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New Taxonomy Released to Combat Greenwashing in Investments

27 01 2023

Image credit: Alexander Tsang/Unsplash

By Mary Riddle from Triple Pundit. Posted: January 27, 2023

Investors, insurers, and financial institutions in the EU have a new method for assessing the sustainability of their investments. Last week, the Observatory Against Greenwashing launched its independent Science-Based Taxonomy, in direct response to the EU Taxonomy system that some say is ineffective. 

The EU Taxonomy is a classification system that claims to give investors, businesses, and financial institutions a common language for identifying the degree to which a specific investment, financial product, or economic activity can be considered sustainable.

However, critics have said the draft guidance is not sufficiently science-based and certain aspects, such as classifying gas-fired power, tree-burning, logging and nuclear energy as sustainable, could do more harm than good.

To create a more sustainable system for classifying investments, a coalition of experts and NGOs including WWF, BirdLife International, and Transport and Environment, formed the Observatory Against Greenwashing (OAG). The group aims to improve on the EU Taxonomy and provide investors with better, science-based guidance on the sustainability of their investments.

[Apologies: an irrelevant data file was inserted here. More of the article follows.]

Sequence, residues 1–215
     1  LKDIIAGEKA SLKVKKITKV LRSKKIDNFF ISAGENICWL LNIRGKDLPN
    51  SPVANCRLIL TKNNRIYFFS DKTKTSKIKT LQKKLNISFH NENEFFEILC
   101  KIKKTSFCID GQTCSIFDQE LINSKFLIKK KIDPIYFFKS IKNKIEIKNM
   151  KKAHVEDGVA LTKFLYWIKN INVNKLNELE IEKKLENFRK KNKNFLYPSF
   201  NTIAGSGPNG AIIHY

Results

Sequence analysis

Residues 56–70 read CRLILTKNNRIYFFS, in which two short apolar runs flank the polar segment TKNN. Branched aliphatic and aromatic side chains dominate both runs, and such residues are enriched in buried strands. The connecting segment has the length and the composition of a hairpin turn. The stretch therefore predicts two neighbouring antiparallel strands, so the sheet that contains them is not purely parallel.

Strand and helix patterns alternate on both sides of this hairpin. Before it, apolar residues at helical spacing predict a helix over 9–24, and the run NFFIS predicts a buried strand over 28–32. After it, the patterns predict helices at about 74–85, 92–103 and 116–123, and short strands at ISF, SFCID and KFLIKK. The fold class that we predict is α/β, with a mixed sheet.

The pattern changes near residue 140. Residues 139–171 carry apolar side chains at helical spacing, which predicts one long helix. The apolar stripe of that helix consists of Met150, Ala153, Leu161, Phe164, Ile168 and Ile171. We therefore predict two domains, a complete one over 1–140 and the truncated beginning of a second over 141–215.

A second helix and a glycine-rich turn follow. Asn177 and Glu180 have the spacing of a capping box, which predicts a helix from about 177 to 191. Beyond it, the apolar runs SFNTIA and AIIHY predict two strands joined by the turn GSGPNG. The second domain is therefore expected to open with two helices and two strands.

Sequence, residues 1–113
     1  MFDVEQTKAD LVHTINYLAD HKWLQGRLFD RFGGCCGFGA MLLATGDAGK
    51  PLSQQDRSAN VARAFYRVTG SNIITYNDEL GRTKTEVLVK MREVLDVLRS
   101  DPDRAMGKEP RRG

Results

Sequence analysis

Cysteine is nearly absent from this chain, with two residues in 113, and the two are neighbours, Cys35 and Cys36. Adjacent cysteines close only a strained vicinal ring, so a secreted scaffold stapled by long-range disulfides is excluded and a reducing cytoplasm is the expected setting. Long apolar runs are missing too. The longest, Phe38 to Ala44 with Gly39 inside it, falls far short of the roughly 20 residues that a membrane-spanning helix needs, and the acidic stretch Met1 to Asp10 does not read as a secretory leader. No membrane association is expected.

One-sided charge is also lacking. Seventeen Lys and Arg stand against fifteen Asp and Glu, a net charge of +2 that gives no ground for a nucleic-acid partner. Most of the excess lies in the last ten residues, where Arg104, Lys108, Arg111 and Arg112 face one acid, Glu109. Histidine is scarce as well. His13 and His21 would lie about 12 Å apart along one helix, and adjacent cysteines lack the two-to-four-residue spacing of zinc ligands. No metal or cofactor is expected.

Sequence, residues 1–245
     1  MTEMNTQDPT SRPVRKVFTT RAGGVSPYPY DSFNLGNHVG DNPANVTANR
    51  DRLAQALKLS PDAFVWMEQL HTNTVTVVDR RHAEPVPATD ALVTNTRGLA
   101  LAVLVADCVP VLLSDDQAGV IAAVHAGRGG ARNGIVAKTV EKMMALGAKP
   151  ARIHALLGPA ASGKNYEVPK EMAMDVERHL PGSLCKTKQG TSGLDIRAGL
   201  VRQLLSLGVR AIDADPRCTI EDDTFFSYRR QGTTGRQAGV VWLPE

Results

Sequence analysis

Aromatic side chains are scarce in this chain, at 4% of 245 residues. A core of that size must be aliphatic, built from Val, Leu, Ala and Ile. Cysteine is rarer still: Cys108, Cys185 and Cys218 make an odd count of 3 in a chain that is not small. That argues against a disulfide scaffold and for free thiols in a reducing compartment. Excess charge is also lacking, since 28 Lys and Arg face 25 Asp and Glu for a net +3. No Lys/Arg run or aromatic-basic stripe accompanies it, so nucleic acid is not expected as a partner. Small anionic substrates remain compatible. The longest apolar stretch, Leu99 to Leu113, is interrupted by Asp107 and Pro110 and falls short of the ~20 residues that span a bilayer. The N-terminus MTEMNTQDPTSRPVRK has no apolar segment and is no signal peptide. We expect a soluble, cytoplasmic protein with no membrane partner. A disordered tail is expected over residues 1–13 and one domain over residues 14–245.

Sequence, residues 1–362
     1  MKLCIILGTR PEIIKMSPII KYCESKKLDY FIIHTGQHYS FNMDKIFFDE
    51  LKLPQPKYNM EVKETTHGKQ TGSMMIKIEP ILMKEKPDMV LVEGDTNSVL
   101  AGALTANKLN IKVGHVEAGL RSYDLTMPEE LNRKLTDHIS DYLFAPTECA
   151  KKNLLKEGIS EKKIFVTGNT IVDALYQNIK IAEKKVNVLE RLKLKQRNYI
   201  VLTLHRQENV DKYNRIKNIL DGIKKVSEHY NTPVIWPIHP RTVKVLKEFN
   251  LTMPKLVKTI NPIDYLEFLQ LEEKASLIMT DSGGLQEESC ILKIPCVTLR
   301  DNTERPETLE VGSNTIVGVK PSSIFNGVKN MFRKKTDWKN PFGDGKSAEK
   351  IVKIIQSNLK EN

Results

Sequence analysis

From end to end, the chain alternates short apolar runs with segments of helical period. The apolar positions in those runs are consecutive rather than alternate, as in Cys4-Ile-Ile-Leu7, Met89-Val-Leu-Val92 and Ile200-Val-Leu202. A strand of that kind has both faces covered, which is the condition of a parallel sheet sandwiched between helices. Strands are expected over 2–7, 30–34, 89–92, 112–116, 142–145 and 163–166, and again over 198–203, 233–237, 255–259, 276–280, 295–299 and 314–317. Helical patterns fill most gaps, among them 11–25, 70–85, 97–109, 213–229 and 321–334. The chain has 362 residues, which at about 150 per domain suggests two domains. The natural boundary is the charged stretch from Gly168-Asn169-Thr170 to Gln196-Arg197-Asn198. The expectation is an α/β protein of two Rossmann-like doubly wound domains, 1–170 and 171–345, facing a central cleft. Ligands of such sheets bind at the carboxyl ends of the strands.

What is the independent Science-Based Taxonomy?

The independent Science-Based Taxonomy is based on the EU Taxonomy, but it only keeps the portions of the text that researchers found to be environmentally sound. It also makes more robust criteria for the parts of the EU Taxonomy that the OAG deemed unscientific or harmful to the environment.

“The EU Taxonomy was originally designed to eliminate greenwashing but instead has become another tool to deceive consumers,” Vedran Kordić, EU Taxonomy coordinator from WWF Adria, said in a statement. “The science-based Taxonomy wants to succeed where the original Taxonomy failed: It will create rigorous criteria which financial institutions can use to properly assess what is green and what is not.” According to the OAG, 1 in 3 activities deemed sustainable in the EU Taxonomy actually cause planetary harm.